Table of Contents
Advances in Botany
Volume 2014 (2014), Article ID 538946, 10 pages
Review Article

Towards Understanding Extracellular ROS Sensory and Signaling Systems in Plants

1Department of Biochemistry, University of Turku, 20014 Turku, Finland
2Department of Biosciences, University of Helsinki, P.O. Box 65, 00014 Helsinki, Finland
3Distinguished Scientist Fellowship Program, College of Science, King Saud University, P.O. Box 2455, Riyadh 11451, Saudi Arabia

Received 23 February 2014; Revised 11 May 2014; Accepted 14 May 2014; Published 1 June 2014

Academic Editor: Scott Finlayson

Copyright © 2014 Saijaliisa Kangasjärvi and Jaakko Kangasjärvi. This is an open access article distributed under the Creative Commons Attribution License, which permits unrestricted use, distribution, and reproduction in any medium, provided the original work is properly cited.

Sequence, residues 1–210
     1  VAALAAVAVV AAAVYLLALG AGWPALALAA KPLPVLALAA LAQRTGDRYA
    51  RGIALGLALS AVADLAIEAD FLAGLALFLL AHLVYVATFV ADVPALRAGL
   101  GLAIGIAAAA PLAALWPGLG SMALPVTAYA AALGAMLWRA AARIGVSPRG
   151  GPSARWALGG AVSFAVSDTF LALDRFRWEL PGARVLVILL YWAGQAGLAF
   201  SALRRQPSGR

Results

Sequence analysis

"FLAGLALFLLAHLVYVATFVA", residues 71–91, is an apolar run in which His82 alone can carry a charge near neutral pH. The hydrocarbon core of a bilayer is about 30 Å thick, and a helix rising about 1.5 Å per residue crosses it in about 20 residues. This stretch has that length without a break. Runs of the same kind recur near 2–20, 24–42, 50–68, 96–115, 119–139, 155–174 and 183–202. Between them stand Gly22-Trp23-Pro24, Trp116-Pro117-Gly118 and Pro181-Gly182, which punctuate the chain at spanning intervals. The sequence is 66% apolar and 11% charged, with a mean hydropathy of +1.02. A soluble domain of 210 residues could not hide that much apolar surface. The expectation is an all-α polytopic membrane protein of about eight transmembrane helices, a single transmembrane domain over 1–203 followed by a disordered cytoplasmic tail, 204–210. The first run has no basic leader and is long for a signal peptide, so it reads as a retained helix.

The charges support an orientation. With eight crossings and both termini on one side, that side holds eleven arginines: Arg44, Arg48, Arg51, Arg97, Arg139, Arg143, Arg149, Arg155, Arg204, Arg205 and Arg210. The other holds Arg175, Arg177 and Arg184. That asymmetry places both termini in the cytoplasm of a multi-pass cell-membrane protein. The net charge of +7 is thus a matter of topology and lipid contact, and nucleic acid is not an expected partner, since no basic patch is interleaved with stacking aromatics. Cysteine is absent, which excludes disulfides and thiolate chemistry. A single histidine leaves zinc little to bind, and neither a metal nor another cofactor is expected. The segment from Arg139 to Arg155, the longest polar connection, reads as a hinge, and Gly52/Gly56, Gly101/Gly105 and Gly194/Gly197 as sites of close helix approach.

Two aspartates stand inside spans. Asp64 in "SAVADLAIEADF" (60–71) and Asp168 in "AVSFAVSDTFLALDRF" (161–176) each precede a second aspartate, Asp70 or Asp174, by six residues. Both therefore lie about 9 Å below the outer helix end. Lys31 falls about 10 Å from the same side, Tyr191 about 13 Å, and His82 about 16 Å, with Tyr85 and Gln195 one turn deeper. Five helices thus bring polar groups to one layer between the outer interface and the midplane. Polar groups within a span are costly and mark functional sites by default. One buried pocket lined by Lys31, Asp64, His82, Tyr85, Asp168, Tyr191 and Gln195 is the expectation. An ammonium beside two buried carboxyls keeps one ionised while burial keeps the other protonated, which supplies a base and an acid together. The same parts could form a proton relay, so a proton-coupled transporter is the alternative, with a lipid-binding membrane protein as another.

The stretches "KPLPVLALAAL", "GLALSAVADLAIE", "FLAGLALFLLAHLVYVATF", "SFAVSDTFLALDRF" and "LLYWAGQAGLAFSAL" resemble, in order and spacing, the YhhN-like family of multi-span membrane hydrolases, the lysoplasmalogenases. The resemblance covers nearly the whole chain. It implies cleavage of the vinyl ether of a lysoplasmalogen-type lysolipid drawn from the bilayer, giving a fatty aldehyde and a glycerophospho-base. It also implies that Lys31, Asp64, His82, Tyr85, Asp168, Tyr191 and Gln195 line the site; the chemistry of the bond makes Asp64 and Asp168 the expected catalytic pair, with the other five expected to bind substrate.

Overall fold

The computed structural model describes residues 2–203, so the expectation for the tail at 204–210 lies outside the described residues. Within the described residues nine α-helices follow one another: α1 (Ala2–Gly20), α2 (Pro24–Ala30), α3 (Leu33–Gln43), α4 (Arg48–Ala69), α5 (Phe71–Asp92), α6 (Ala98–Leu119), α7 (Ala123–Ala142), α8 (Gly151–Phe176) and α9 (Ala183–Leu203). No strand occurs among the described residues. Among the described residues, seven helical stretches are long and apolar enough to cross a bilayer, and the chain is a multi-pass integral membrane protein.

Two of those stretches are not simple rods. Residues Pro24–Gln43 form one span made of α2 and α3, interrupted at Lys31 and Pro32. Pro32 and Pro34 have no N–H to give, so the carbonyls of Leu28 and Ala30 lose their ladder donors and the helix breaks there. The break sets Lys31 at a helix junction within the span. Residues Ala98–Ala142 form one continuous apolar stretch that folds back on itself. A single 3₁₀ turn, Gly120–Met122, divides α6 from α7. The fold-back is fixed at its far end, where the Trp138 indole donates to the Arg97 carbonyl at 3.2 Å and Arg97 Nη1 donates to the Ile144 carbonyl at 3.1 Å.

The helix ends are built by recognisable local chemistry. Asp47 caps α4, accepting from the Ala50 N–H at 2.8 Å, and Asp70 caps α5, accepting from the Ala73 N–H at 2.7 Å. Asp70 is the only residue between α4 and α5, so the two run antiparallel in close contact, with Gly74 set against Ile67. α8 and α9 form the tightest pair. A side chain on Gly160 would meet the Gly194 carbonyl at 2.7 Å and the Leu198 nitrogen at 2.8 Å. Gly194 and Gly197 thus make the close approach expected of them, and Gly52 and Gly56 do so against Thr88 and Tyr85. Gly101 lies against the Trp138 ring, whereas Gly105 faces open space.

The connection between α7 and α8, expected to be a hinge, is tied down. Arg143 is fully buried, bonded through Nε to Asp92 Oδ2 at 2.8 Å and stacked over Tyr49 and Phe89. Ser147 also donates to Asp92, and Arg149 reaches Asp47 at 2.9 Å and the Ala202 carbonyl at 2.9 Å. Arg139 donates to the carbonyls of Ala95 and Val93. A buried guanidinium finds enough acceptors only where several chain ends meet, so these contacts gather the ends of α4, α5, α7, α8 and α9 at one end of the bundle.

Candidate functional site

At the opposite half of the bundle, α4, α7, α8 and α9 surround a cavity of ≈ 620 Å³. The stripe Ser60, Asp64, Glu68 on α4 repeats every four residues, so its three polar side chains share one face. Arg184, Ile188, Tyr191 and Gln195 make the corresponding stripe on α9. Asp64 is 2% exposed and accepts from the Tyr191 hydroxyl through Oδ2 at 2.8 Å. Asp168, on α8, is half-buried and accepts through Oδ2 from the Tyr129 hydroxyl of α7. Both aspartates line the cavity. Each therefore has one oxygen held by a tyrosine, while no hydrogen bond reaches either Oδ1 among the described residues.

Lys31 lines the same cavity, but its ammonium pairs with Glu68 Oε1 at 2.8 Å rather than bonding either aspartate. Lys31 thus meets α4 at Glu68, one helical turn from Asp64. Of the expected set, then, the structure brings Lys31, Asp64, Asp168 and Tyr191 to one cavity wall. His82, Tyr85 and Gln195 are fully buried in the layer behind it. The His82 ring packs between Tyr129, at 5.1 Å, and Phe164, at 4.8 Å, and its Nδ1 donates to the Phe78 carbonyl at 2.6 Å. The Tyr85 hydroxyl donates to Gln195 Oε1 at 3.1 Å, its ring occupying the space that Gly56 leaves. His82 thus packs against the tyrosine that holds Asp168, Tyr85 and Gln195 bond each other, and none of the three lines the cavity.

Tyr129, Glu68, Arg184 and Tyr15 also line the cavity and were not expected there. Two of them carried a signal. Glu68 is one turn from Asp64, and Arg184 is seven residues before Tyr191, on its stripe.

Reactive Oxygen Species (ROS) are ubiquitous metabolites in all aerobic organisms. Traditionally ROS have been considered as harmful, accidental byproducts of cellular functions involving electron transport chains or electron transfer. However, it is now recognized that controlled production of ROS has significant signaling functions, for example, in pathogen defense, in the regulation of stomatal closure, or in cell-to-cell signaling. ROS formation in subcellular compartments is critical to act as “alarm” signal in the response to stress, and the concept of ROS as primarily signaling substances has emerged. The involvement of ROS in several developmental and inducible processes implies that there must be coordinated function of signaling network(s) that govern ROS responses and subsequent processes. The air pollutant ozone can be used as a useful tool to elucidate the function of apoplastic ROS: O3 degrades in cell wall into various ROS which are interpreted as ROS with signaling function inducing downstream responses. We have used ozone as a tool in mutant screens and transcript profiling-reverse genetics to identify genes involved in processes related to the signaling function of ROS. We review here our recent findings in the elucidation of apoplastic ROS sensing, signaling, and interaction with various symplastic components.